Medtronic to Acquire Kyphon for $3.9 Billion
Medical technology company Medtronic said Friday that it would acquire Kyphon for $3.9 billion to expand its spinal treatment business.
Medtronic , the world's largest maker of medical devices including artificial spinal discs, heart pacemakers and insulin pumps, will pay $71 cash for each Kyphon share, a 32 percent premium over Thursday's closing price.
The transaction, slated to close in the first quarter of 2008, is expected to be neutral to Medtronic earnings in the first full fiscal year after closing and boost earnings thereafter. Medtronic expects the deal, which carries a $95 million break-up fee, to generate revenue, cost and tax benefits.
"Long-term investors will like this deal," said Piper Jaffray analyst Tim Nelson. "With Kyphon, Medtronic will cover the complete arena in spine."
During a conference call with analysts, Medtronic Chairman and Chief Executive Art Collins noted that Medtronic's current spinal product offerings focus on invasive procedures, like spinal fusion, aimed at the younger patient suffering from scoliosis and degenerative disc disease.
Kyphon's products, he said, address the faster-growing older population suffering from vertebral compression fractures and spinal stenosis. Its products primarily employ minimally-invasive techniques and procedures.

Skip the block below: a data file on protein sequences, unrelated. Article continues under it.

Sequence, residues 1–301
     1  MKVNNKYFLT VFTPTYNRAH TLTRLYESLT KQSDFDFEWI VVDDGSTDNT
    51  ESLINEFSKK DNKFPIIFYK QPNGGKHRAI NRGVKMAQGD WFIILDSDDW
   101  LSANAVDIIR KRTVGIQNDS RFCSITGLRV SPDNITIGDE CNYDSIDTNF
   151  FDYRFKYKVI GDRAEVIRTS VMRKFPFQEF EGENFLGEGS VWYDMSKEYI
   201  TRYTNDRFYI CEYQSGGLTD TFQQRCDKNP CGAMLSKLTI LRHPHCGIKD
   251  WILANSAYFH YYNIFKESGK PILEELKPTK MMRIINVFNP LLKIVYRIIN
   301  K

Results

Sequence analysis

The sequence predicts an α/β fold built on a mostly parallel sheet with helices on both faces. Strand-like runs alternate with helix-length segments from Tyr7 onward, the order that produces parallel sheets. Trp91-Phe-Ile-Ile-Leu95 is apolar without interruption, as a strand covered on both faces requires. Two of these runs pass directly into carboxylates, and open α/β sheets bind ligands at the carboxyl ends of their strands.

The deal, which does not preclude Medtronic from pursuing more acquisitions, will allow the company to broaden its product line, expertise and customer base, he said.
A Hefty Price
Jeffrey Jonas, portfolio manager for Gamco Medical Opportunities Fund, characterized the deal as neutral to positive, noting Medtronic was paying a hefty price of six times sales.
"But they're getting some great products that will fill in gaps in their spinal portfolio. And Kyphon's growth is phenomenal ... 30 percent per year, and (Medtronic) will get lots of synergies."
Joanne Wuensch, an analyst with BMO Capital Markets, said in a research report, "We believe that this acquisition is an excellent fit for Medtronic, combining leading technology, a rapidly growing top line, a top-notch sales presence, and creating a stronghold in the spinal industry."
But some shareholders were less enthusiastic.
Michael Barr, an analyst with Victory Capital Management, which owns shares of Medtronic, said, "I hope they can make a good case that this is not a departure from what they've said -- that they'd do small deals. I'm a bit surprised."
He added, "I'm a return-on-capital investor and I don't like to see too many big deals. I can't put this in the category of too big, but I hope there aren't more. This deal definitely puts the spotlight on (calendar) 2008 earnings."
Larry Biegelsen, an analyst with Wachovia, said this acquisition is part of a larger trend toward more consolidation in the sector.
"With 150 spine companies in attendance at last year's North American Spine Society, a fast growing market, and larger firms such as Medtronic and Johnson & Johnson losing share to smaller firms such as Kyphon and and Nuvasive, we speculated that an industry consolidation was inevitable. The Medtronic-Kyphon deal represents the first significant move in this direction."
Medtronic shares were down 59 cents to $50.33 around midday in a weaker broad market. Kyphon shares were up 25 percent or $13.32 at $67.00.